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Laurence Fishburne Saved Emilio Estevez From Quicksand While Filming ‘Apocalypse Now’

Photo Credit: United Artists / andrewz MovieStillsDB
Photo Credit: United Artists / andrewz MovieStillsDB

The well-loved Vietnam War film Apocalypse Now is full of daring escapades and acts of bravery. As it turns out, things weren’t much different on the set. In a recent interview, Emilio Estevez revealed that when he was only 14 years old, cast member Laurence Fishburne stopped him from drowning in quicksand while on location for movie production.

Apocalypse Now

Filming for Apocalypse Now began on March 20, 1976, in the Phillippines. It was directed and produced by Francis Ford Coppola. Upon its release, critics had varying reactions, but that didn’t stop the movie from being nominated for a staggering eight Academy Awards. Looking back at the film, it is now generally regarded as one of the best ever made and is even better regarded among war movies.

Robert Duvall and Laurence Fishburne dressed in military uniform standing in a group with other men.
Robert Duvall as Lt. Col. Bill Kilgore and Laurence Fishburne as Tyrone ‘Clean’ Miller in a publicity still for Apocalypse Now. (Photo Credit: United Artists / Moviefan2 / MovieStillsDB)

It’s even been preserved in the Library of Congress’ National Film Registry as a culturally significant film. It is set during the Vietnam War and follows the secret mission to assassinate Colonel Kurtz, played by Marlon Brando. Alongside a famous cast, the still-young Laurence Fishburne was put into one of the supporting roles, playing Tyrone ‘Clean’ Miller. Martin Sheen, Emilio Estevez’s father, played Captain Benjamin Willard, the character tasked with assassinating Brando’s.

Stuck in quicksand

Although he wasn’t part of the cast, Estevez accompanied his father to the Philippines, along with the rest of his family, for filming. He explained that “My folks believed that for the family to actually stay together, we had to stay together, and that meant traveling. He had it in his deal that wherever he went to work, we went with him — whether we liked it or not.” This was important to Sheen as he had a relatively young family during his early career.

Fortunately for Estevez, he was able to pass the time by getting to know Fishburne, also 14 years old. The two had only known each other for a few days when they decided to get up to some shenanigans. In a 2023 interview with Jennifer Hudson, Estevez revealed that on one occasion, the two of them decided to take out a small boat they found nearby. After paddling for a little while, they realized that things weren’t going the way they wanted.

Lasting thanks

Estevez recalled, “we started getting too close to the shore and I said, ‘Well, let me jump out, I’ll push us offshore. I jumped out, and it was like quicksand mud.” Realizing that he was starting to sink, he looked up to the young Fishburne, who was shouting at him to “Grab my hand!” Thanks to this quick thinking, Fishburne was able to pull Estevez back into the boat before things took a turn for the worse. Estevez said the pair “were bonded ever since,” understandable after a traumatic moment like that.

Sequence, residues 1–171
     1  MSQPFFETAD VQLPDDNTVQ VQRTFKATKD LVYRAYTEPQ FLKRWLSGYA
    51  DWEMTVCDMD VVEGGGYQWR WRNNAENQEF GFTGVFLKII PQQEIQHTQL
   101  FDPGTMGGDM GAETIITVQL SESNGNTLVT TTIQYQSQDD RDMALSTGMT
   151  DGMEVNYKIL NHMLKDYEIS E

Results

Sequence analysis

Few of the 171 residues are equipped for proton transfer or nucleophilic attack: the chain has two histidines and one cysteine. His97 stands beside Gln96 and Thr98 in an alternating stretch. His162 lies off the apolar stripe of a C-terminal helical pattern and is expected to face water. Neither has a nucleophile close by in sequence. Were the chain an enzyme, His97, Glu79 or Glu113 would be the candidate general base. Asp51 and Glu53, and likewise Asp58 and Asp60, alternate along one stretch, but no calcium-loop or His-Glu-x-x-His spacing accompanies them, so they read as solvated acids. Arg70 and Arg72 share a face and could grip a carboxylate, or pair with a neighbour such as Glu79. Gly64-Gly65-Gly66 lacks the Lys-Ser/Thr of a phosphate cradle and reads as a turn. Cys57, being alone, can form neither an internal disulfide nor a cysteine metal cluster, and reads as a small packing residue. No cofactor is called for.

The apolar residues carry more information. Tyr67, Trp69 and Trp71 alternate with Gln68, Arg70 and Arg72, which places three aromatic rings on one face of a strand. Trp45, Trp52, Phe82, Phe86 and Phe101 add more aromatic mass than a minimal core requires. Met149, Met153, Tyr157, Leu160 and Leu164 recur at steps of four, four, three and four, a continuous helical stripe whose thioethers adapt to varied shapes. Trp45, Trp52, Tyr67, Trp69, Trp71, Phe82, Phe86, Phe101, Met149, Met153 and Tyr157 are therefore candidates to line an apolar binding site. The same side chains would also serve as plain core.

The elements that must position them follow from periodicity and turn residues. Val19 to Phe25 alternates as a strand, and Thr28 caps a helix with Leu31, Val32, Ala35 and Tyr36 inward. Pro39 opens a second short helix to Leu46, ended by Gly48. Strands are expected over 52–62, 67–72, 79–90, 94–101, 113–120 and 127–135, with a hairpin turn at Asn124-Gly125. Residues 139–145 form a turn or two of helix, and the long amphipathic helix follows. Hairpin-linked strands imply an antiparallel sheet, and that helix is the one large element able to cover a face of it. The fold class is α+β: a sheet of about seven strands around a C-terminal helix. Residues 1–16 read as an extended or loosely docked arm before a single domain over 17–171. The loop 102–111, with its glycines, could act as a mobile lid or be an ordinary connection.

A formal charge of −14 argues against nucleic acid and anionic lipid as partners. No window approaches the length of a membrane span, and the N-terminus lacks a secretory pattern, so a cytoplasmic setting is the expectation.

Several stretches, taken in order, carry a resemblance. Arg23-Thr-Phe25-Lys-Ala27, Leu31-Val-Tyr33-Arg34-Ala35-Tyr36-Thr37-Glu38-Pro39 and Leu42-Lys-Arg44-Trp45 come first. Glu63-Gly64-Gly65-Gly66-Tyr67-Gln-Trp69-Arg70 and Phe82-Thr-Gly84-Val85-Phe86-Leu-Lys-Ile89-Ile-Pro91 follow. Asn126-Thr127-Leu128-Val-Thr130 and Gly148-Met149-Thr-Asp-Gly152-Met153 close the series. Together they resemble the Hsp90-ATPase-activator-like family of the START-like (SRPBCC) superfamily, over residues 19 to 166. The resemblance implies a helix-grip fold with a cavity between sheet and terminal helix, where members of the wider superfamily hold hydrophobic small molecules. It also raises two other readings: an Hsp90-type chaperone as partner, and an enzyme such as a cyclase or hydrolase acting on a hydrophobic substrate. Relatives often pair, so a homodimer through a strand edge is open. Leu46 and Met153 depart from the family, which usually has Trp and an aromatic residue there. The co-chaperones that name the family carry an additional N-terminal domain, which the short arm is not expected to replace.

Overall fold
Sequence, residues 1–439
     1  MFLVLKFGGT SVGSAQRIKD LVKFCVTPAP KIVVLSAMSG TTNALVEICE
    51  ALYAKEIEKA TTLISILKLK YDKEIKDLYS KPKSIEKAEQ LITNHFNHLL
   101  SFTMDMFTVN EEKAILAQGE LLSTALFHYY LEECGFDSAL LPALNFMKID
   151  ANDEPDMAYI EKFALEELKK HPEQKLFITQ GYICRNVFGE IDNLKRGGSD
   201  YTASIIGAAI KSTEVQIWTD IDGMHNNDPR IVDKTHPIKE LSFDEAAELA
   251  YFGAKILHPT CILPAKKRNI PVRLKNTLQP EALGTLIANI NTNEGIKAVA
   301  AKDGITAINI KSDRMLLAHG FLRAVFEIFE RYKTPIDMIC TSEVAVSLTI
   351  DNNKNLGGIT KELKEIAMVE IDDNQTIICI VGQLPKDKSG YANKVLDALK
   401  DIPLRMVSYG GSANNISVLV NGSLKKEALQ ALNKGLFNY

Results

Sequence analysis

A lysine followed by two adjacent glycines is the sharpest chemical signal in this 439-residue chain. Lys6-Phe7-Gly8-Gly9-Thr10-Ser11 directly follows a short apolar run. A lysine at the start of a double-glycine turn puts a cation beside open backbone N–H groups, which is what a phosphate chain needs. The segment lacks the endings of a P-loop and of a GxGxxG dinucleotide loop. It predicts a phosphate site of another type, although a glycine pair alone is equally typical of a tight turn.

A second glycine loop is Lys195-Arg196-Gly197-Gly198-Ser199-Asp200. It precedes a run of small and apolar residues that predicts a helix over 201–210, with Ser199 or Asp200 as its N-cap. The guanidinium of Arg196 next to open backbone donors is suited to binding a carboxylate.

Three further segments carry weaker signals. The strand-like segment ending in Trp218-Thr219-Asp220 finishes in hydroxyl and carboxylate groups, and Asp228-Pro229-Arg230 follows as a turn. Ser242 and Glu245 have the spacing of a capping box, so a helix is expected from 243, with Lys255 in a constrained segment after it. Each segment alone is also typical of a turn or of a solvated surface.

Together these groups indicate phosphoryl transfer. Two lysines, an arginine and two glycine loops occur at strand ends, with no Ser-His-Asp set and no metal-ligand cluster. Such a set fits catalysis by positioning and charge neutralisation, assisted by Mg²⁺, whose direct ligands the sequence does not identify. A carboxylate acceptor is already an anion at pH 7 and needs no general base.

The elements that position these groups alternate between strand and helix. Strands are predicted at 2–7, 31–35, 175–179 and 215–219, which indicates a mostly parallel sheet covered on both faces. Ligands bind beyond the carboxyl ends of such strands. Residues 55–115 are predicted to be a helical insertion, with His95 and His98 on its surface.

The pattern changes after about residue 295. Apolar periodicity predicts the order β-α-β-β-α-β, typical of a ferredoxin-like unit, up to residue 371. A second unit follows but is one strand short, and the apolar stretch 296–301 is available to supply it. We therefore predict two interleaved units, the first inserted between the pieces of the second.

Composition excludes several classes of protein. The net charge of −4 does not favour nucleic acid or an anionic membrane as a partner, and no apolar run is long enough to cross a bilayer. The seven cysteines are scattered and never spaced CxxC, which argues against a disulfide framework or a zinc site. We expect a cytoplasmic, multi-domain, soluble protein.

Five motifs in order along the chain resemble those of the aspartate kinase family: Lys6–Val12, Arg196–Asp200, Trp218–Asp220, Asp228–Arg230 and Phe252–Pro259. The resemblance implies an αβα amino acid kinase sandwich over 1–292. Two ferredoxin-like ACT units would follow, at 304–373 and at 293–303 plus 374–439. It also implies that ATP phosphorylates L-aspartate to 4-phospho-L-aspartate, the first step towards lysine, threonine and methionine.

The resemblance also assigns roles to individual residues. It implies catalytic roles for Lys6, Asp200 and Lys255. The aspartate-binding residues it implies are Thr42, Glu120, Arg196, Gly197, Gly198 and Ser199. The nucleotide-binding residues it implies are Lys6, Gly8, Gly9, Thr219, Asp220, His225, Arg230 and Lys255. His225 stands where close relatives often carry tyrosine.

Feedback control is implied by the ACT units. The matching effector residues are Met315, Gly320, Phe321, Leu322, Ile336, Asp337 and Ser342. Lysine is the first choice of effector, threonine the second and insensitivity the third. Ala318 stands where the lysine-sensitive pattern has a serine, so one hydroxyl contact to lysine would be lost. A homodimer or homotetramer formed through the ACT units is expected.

Martin Sheen in an olive t-shirt walking towards the camera with men in military uniform in the background.
Martin Sheen as Capt. Benjamin Willard in a publicity still from Apocalypse Now. (Photo Credit: United Artists / Flaying / MovieStillsDB)

Perhaps the best part of the story is that, in typical 14-year-old fashion, neither of the boys told Martin Sheen about what had happened. This may have been due to the difficulties the actor was already having with the film, which included having a heart attack during production.

More from us: Jane Fonda Says Getting Fired From an Early Job Led Her to Acting

Nonetheless, they eventually fessed up to what happened…decades later. Sheen, shocked by the news, “called Mr. Fishburne to thank him for saving my son’s life.”

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Rosemary Giles

Rosemary Giles is a history content writer with Hive Media. She received both her bachelor of arts degree in history, and her master of arts degree in history from Western University. Her research focused on military, environmental, and Canadian history with a specific focus on the Second World War. As a student, she worked in a variety of research positions, including as an archivist. She also worked as a teaching assistant in the History Department.

Since completing her degrees, she has decided to take a step back from academia to focus her career on writing and sharing history in a more accessible way. With a passion for historical learning and historical education, her writing interests include social history, and war history, especially researching obscure facts about the Second World War. In her spare time, Rosemary enjoys spending time with her partner, her cats, and her horse, or sitting down to read a good book.